The costs for the project are as follows: 2 weeks is £795, 3 weeks is £1095, 4 weeks is £1395, 6 weeks is £1995 and 8 weeks is £2595. This cost includes all on site meals, accommodation within the Game Reserve, linen (bedding), laundry once weekly, cleaning twice weekly, all on-reserve conservation activities and training, tea and coffee, WorkingAbroad backup and support. What is not included is your flights and travel to and from the Game Reserve, visa costs, personal expenses, and your own health and travel insurance.
Conservation volunteers live in any one of our three varying accommodation facilities which have dining and common and/or lounge areas, and most of the time, you will be hosted in an area locally known as Pote’s, which is on the wildlife breeding area of the Shamwari Wildlife and Conservation department, but is predator-free allowing for total freedom for volunteers. General game including zebra, kudu and waterbuck can be found along with buffalo on the adjoining property. Shared rooms with twin beds or three beds (if in tented accommodation). Plunge pool, DVD facilities, Internet access (you have to buy WIFI vouchers) with shared computer for volunteers, outdoor boma and fireplace available at Pote's. Although any room or facility changes are averted, participants may be moved during their stay.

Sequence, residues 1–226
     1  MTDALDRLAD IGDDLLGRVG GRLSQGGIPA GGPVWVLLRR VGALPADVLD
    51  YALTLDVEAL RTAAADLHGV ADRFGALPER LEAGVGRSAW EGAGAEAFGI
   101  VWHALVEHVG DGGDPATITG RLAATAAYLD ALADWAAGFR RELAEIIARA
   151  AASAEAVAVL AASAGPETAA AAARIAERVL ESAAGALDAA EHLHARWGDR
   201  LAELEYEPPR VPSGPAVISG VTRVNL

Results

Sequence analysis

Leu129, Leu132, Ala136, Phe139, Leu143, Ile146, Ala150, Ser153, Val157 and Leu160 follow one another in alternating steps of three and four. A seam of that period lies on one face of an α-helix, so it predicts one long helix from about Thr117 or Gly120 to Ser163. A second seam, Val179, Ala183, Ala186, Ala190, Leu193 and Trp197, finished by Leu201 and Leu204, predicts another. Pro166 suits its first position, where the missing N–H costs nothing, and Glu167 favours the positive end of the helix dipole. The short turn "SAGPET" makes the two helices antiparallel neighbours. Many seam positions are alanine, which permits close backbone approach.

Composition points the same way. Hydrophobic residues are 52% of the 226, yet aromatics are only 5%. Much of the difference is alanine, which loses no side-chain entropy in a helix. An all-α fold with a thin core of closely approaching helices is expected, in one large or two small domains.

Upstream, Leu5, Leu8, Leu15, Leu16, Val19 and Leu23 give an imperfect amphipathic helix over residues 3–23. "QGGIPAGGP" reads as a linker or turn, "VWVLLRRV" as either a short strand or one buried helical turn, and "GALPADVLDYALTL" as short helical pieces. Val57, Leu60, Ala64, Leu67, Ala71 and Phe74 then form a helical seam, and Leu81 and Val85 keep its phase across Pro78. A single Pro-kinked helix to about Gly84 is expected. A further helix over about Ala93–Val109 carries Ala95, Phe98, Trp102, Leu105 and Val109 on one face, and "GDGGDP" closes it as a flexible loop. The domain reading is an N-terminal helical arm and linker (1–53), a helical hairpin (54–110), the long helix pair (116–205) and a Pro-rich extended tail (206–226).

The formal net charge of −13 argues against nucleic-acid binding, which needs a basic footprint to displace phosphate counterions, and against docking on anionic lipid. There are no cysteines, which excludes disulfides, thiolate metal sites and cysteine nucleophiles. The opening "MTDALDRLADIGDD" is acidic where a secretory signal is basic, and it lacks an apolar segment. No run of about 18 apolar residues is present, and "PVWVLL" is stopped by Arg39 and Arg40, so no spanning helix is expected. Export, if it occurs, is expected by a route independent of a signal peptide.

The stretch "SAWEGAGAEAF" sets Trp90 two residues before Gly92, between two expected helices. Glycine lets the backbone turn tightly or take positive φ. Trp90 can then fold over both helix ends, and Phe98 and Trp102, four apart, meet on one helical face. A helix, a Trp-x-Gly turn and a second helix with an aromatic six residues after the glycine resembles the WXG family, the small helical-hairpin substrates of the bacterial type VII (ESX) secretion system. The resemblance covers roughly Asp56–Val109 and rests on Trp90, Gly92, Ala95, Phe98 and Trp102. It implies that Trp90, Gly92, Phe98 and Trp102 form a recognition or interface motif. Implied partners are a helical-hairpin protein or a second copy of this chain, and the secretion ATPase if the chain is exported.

Three meals are provided on a daily basis. Meals will either be served at the facility itself or taken as a pre-packed serving, depending on planned or as result of unscheduled activities. Vegetarians and other dietary requirements can be catered for, if notified in advance. Cooked breakfasts are served once weekly – generally Fridays. Meals are prepared with exposing participants to an array of local dishes in mind and are generally taken on a self-service basis with the option of juice, tea or coffee. Still and spring bottled water is available for purchase from local trading stores.
Working hours & Free Time